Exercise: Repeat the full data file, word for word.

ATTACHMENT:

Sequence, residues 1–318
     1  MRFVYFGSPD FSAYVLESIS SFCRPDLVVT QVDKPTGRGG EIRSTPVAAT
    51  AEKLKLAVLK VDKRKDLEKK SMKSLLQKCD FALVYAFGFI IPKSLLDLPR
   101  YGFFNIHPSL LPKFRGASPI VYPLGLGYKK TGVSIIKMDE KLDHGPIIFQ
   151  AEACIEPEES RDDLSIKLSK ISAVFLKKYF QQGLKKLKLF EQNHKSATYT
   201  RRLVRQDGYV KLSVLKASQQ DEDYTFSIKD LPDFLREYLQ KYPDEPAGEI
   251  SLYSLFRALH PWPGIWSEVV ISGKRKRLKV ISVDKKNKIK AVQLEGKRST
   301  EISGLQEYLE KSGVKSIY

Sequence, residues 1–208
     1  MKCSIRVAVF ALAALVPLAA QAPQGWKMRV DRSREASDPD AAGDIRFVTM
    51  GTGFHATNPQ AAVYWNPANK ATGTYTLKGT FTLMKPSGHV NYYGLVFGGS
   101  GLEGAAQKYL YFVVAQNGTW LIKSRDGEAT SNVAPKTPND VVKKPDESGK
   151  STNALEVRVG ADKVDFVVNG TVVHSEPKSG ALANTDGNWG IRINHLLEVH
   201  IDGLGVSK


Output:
Sequence, residues 1–318
     1  MRFVYFGSPD FSAYVLESIS SFCRPDLVVT QVDKPTGRGG EIRSTPVAAT
    51  AEKLKLAVLK VDKRKDLEKK SMKSLLQKCD FALVYAFGFI IPKSLLDLPR
   101  YGFFNIHPSL LPKFRGASPI VYPLGLGYKK TGVSIIKMDE KLDHGPIIFQ
   151  AEACIEPEES RDDLSIKLSK ISAVFLKKYF QQGLKKLKLF EQNHKSATYT
   201  RRLVRQDGYV KLSVLKASQQ DEDYTFSIKD LPDFLREYLQ KYPDEPAGEI
   251  SLYSLFRALH PWPGIWSEVV ISGKRKRLKV ISVDKKNKIK AVQLEGKRST
   301  EISGLQEYLE KSGVKSIY

Sequence, residues 1–208
     1  MKCSIRVAVF ALAALVPLAA QAPQGWKMRV DRSREASDPD AAGDIRFVTM
    51  GTGFHATNPQ AAVYWNPANK ATGTYTLKGT FTLMKPSGHV NYYGLVFGGS
   101  GLEGAAQKYL YFVVAQNGTW LIKSRDGEAT SNVAPKTPND VVKKPDESGK
   151  STNALEVRVG ADKVDFVVNG TVVHSEPKSG ALANTDGNWG IRINHLLEVH
   201  IDGLGVSK